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Islamic Natural Law Theories$
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Anver M. Emon

Print publication date: 2010

Print ISBN-13: 9780199579006

Published to Oxford Scholarship Online: May 2010

DOI: 10.1093/acprof:oso/9780199579006.001.0001

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The Voluntarist Critique of Hard Natural Law

The Voluntarist Critique of Hard Natural Law

Chapter:
(p.90) III The Voluntarist Critique of Hard Natural Law
Source:
Islamic Natural Law Theories
Author(s):

Anver M. Emon

Publisher:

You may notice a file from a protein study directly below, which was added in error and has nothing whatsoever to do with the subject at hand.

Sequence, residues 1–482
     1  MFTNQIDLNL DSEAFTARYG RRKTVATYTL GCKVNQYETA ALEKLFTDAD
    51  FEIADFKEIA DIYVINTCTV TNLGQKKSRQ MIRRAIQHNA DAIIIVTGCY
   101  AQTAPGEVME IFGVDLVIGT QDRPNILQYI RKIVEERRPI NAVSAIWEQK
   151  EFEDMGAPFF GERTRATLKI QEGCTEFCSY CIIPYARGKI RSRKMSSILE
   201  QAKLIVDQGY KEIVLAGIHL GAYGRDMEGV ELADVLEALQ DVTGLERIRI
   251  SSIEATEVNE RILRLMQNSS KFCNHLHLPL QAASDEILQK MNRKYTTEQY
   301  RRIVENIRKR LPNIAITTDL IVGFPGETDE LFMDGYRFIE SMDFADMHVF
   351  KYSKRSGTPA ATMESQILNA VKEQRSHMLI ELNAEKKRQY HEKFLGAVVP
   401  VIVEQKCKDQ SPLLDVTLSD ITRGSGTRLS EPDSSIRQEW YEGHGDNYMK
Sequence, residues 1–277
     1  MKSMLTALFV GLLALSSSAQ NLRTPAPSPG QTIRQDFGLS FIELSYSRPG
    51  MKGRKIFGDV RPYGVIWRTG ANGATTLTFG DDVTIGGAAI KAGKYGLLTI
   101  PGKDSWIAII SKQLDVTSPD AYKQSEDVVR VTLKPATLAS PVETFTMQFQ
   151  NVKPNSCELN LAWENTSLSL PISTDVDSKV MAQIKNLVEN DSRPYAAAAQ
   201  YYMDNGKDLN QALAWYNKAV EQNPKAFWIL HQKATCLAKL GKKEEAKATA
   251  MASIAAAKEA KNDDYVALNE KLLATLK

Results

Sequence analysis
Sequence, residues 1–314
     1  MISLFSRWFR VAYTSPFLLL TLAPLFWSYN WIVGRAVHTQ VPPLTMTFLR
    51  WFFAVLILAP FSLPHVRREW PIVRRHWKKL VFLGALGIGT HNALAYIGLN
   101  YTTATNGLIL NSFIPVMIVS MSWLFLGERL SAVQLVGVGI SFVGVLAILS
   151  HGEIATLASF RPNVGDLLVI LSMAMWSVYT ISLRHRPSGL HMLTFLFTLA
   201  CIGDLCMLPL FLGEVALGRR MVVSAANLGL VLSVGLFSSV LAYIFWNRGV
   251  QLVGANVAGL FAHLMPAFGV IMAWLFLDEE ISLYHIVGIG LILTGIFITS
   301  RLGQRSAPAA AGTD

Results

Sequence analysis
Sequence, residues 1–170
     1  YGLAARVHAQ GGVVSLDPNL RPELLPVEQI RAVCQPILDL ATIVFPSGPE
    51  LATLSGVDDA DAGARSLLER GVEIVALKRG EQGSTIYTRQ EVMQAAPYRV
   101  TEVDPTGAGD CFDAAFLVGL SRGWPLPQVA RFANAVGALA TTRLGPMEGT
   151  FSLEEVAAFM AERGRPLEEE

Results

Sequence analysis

Oxford University Press
DOI:10.1093/acprof:oso/9780199579006.003.0003

This chapter provides an analytic overview of the opponents of Hard Natural Law, whose critique was launched from a Voluntarist perspective. Voluntarist jurists considered Shari'a values to be products of a Voluntarist divine will. Without a scriptural basis (shar'), they argued, there can be no Shari'a valuation or divine obligation. For them, obligation implies punishment and reward, praise and blame – all of which are the products of God's express will. While human reason can make evaluative judgments, their authority is limited by the contingencies and fallibilities of the jurist. To suggest that such judgments reflect a divine intent is tantamount to holding God hostage to human reasoning, and thus undermines the Voluntarists' theological commitment to God's omnipotence.

Keywords:   voluntarism, theology, legal philosophy, knowledge, reason, authority

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